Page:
So I’m taking leave of my senses in the best possible way. Over all these years of studying and teaching, I’ve learned intellectually that cause is always from within and that I can choose my thinking and thus my experience. These past few weeks, I got to DO it. I got to look at the circumstances around me and refuse the evidence of my senses. It took me a long time, but I guess I’m finally getting the lesson. I won’t bemoan the time it took, because it was all worth it for this result.

The absolute truth is that I live in a friendly universe and, as Emma Curtis Hopkins wrote, “God is my friend.” Every time I think that phrase, I see the big blue genie from Aladdin and hear “You ain’t never had a friend like me!” Okay, so my mental image of God is less dignified but he sure is fun! No matter what is going on in the world, I can relax because underneath and through it all is a force for good. Underneath and through it all is a Being and a Presence that would never let me fall.

Do I ignore or look down on those who are hurting right now? Of course not! I am their ally. James Dillet Freeman once wrote a poem about what it means to minister. In that poem, he writes,

“It means to not merely live a life of prayer, but to turn your prayers into life – more life for you, more life for those to whom you minister.

It means to be God-centered and human hearted, to involve yourself in humanity and to keep your vision on divinity – and so draw from all around you the human form divine

It means to share in the greatest moments of life – in birth and sickness and marriage and death – and at times, whether of crisis or of celebration, to bring comfort and a blessing, and above all a sense of a Presence that sometimes we cannot see and of a Meaning that often we overlook.

That is what it means to be a minister of God and a minister to man.”

Let us all minister to each other. Let us all choose to create a world that works for everyone, leaving the past in the past, allowing ourselves to believe that the Universe is our friend and is conspiring on our behalf.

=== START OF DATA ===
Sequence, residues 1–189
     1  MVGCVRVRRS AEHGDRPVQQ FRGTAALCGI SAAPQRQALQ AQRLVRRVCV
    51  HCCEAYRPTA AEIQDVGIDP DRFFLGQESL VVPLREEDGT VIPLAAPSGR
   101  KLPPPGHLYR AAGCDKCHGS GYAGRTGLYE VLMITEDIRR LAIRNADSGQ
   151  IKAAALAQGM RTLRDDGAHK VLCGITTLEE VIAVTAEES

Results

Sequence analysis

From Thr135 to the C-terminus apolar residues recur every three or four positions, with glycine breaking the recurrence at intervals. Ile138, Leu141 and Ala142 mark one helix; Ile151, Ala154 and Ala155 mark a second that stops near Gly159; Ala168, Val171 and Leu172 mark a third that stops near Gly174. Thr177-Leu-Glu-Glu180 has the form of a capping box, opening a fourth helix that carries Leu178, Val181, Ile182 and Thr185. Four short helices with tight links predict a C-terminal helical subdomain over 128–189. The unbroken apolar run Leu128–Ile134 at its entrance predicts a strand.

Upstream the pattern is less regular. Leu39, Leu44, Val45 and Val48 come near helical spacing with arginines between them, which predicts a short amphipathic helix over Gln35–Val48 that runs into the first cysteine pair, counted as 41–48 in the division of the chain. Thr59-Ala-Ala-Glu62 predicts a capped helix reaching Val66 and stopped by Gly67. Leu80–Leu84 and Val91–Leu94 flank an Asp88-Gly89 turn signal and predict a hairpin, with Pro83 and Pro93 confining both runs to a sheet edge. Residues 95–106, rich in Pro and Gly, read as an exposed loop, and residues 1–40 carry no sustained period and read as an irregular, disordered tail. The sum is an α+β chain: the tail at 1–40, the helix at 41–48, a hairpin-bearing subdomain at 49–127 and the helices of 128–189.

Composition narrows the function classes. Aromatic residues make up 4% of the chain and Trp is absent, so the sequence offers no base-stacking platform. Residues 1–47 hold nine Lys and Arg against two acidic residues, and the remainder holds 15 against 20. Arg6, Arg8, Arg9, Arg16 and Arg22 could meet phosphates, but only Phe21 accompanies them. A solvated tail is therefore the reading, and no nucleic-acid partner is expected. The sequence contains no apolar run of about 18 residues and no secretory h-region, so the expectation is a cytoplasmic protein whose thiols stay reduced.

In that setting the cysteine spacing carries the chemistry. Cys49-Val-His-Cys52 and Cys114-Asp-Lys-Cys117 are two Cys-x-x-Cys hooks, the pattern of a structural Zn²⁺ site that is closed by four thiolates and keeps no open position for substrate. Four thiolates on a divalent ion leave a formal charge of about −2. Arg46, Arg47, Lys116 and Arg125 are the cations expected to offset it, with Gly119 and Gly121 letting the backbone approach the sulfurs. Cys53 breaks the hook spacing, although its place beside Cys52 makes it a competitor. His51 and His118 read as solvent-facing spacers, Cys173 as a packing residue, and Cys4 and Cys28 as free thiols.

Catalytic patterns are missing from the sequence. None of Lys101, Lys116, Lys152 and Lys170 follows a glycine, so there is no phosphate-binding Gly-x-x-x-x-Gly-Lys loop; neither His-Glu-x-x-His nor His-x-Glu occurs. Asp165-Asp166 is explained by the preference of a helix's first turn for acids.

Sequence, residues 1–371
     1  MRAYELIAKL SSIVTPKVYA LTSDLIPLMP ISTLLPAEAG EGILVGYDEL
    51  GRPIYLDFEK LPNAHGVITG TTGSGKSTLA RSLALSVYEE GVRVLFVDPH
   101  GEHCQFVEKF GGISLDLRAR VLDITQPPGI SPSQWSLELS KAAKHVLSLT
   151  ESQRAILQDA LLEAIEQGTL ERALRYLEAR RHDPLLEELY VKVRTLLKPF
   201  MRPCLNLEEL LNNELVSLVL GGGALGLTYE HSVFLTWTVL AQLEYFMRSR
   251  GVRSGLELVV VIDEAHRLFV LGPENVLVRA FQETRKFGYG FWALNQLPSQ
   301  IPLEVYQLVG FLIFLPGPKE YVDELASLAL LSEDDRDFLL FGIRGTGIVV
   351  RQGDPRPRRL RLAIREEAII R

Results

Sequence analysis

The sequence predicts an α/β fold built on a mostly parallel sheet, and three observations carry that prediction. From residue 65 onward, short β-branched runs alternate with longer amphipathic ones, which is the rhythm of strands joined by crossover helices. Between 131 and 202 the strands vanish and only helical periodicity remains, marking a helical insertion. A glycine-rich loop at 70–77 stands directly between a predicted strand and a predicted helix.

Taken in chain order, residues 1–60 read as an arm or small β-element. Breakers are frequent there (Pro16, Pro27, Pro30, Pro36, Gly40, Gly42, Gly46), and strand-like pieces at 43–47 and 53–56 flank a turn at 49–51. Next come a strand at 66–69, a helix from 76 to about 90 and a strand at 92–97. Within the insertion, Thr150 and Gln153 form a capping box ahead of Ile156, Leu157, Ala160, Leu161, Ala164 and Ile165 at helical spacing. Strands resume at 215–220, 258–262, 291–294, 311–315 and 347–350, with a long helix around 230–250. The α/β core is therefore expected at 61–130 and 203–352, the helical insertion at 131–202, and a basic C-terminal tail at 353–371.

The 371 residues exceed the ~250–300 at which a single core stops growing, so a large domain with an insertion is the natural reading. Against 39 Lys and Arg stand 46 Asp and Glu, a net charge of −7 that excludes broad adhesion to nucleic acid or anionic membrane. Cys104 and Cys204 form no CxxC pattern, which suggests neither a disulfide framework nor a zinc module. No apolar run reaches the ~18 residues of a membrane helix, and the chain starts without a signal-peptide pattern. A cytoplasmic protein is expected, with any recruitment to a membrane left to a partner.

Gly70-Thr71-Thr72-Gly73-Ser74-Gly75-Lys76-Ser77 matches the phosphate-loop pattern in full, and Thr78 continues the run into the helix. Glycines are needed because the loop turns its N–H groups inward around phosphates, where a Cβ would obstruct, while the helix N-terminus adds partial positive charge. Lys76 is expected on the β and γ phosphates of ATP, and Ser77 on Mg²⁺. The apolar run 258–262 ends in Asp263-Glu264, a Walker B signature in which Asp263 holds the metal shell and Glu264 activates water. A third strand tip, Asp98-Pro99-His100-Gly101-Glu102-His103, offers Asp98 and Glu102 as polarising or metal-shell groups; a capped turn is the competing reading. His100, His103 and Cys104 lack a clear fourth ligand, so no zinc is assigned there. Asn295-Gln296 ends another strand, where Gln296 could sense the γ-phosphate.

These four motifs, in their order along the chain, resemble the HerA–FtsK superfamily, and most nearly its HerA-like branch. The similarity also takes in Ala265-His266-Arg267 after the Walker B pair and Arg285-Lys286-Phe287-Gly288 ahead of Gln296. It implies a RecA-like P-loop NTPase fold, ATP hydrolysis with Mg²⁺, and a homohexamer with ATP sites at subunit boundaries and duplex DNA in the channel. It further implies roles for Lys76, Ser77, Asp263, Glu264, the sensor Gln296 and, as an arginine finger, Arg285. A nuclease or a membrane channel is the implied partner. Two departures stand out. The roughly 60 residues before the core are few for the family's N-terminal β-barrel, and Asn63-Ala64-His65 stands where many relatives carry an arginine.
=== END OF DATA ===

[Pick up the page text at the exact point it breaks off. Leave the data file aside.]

Autumn leaves

I saw this great meme on Facebook about how, in the autumn, the trees give us a beautiful example of letting go of what’s dead. This is a statement about surrender.

And here’s the thing; I have a love/hate relationship with that word. Our whole culture has a love/hate relationship with that word. What our philosophy teaches is that Spirit takes on form (this physical world), has some experiences, and then abandons the original form to take on another form. Spirit is good at surrendering that first form and has been doing it for billions of years. Can you imagine if Spirit had refused to let go of the form of dinosaurs? Our daily commute the office would be far more exciting.

On the one hand, surrender means that I lost. It means that I gave up on something. When I got divorced, the hardest thing to do was surrender those wedding vows and all the promises I’d made and dreams I’d dreamed. I thought being married meant I never had to be alone again, that I’d always have the support of my spouse and that I was done with being seen a not-fully-matured as a woman in this society. And I’ll be honest – there’s a certain safety in being married. That wedding ring gets rid of a lot of unwanted attention.

On the other hand, things I believed about marriage and what it all meant needed to be surrendered if I was going to live in the real world. Arguing with what is and trying to force what I believe should be the truth will never lead to happiness. Surrender means freedom from the fight. Surrender means allowing the truth of this reality to be true and to be what I work with. Let me tell you, it was much easier to take on a new “form” in my life once I admitted that the original form was dead.

Ah, but how do I know the difference between time to persevere and time to surrender, you ask. Well, I can’t tell you that. You’ll have your own set of signals. I know that for me, if something is making me miserable and I’m getting myself all tied up in knots around my judgment of what I’m seeing, it’s time to at least temporarily surrender it. I can’t tell you how many times I walked away from writing something because it just wasn’t coming out, only to come back later and have it write itself. In the time in between, I’d been focusing on other things, maybe doing something physical rather than intellectual, and quietly surrendering what I thought needed to be written.

I could have stayed in my marriage. Lucky for me, I’d seen what staying in an unhappy marriage looks like. Because I was willing to surrender, I now work in a career that is my calling as well as my job. He went back and married his old girlfriend and (I’m told) has a happy life and career in the military. I like to believe he and his family are happy in the life that would have made me miserable. I know I’m happy in the life that he would have hated. What has been surrendered is the idea that one of us had to be wrong for each of us to have the life we love.

Surrender has led to some of the most beautiful new growth in my world. And yes, some of the old stuff has claw marks on it, but there will be other opportunities to let go gracefully.